I am getting incredibly high on a single, astounding fact: that it's always sunny above the clouds. Always. That every day on Earth - every day I have ever had - was, secretly, sunny, after all.
The house is too small, and nothing happens, and I will never be older than twelve here.

(Minor grumble: in typing up these quotes, I found myself wondering whether Moran really needs all those commas.)

8 comments:

  1. It seems like most of us have some questions about John Kite's trustworthiness. Sigh.

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  2. "The house is too small, and nothing happens, and I will never be older than twelve here" Ah yes, this. This was a good quote. I think we've all felt like that at one point or another.

    I don't know if I felt like she was trying too hard at the party so much as trying to not seem like a complete outcast, and I think she succeeded at that! But I think it usually turns out much better to try to hard than not enough, really.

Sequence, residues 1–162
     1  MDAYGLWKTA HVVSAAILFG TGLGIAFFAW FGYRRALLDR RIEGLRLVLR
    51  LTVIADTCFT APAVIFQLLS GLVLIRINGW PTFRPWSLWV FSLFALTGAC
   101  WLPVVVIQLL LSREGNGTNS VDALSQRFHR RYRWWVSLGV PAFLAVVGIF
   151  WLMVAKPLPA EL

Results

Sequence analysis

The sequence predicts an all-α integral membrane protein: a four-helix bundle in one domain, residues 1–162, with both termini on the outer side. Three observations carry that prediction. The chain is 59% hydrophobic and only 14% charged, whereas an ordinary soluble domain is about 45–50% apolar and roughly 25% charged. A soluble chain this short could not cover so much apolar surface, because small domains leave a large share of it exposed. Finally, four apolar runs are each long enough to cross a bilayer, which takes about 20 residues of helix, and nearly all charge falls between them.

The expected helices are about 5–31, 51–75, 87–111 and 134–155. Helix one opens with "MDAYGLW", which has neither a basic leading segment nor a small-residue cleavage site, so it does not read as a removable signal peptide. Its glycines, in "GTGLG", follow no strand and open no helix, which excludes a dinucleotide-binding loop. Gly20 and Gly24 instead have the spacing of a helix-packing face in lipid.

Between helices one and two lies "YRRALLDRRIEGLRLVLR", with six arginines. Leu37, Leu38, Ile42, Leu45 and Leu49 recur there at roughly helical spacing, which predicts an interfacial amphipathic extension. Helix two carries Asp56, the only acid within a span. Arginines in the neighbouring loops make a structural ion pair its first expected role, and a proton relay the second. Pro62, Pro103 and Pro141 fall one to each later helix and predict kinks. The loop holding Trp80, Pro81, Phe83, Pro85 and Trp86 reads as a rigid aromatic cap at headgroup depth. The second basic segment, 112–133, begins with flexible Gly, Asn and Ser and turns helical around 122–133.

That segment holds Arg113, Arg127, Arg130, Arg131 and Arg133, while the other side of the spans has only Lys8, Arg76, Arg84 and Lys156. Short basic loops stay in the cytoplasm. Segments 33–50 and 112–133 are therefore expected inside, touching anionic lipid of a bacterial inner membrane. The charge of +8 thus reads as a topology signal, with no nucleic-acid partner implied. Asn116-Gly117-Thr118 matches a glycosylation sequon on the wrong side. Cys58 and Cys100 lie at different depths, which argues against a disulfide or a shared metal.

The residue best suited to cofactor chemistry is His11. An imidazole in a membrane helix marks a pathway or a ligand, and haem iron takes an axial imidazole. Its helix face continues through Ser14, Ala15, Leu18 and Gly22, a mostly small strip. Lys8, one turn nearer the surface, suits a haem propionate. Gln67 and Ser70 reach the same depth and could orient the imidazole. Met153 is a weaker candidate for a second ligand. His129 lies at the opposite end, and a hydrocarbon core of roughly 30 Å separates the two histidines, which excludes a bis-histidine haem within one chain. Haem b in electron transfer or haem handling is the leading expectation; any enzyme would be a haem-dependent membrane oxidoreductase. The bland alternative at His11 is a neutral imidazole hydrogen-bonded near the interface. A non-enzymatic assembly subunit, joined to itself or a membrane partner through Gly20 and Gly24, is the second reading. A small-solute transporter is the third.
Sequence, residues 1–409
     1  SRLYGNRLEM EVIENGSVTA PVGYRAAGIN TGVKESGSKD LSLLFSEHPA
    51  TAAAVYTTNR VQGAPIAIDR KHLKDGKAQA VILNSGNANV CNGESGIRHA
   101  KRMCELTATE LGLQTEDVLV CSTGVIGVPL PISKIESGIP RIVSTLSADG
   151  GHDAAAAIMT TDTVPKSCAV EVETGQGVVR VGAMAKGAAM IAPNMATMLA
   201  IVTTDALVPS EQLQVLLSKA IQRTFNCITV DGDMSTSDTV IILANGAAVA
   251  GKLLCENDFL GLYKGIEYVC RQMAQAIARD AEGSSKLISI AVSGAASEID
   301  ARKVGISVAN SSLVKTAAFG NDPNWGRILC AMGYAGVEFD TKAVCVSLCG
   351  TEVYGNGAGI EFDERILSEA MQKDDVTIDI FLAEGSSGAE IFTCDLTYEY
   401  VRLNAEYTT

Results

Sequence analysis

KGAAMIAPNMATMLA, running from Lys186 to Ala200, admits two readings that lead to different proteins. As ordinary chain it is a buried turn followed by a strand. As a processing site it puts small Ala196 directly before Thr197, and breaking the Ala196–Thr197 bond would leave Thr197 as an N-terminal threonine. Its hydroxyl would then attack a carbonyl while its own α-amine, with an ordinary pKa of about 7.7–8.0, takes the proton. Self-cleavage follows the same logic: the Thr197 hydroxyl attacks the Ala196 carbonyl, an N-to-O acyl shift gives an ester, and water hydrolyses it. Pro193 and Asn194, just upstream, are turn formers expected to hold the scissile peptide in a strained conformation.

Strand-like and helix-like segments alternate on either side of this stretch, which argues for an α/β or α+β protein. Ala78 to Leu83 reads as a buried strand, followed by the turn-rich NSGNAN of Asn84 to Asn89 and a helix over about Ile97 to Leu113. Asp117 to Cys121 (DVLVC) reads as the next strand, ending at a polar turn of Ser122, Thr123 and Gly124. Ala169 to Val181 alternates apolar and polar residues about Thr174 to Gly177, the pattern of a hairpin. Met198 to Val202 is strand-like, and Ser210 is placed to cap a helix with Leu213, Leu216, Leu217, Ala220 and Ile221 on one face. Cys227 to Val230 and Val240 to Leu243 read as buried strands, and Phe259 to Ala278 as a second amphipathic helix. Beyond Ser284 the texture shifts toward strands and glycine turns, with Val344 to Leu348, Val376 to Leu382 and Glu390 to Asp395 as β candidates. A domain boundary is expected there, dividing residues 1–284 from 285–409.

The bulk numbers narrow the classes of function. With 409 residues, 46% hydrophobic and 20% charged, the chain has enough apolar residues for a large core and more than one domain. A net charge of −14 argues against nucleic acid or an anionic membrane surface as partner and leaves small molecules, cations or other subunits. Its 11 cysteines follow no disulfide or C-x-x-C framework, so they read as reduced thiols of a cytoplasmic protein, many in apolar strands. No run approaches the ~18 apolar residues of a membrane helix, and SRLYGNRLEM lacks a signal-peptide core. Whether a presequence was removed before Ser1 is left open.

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  3. That's such a good point about whether dadda could actually make it as a musician, physically. I think you're right - he sees it as a quick 'make everything right' situation without really taking into account exactly how much work does have to go into it. God knows I know plenty of people who tried to make it in bands and gave up when they realised they couldn't just live the rockstar lifestyle from minute one!

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  4. "Her father makes another attempt at getting his music noticed, but I can't help but feel that if he is too sick to work a regular job - even a part-time one - would he be able to deal with the demands of working as a musician? I think he views "being a rock star" as an easy way out of his desperate situation, without thinking through the reality of the hard work required."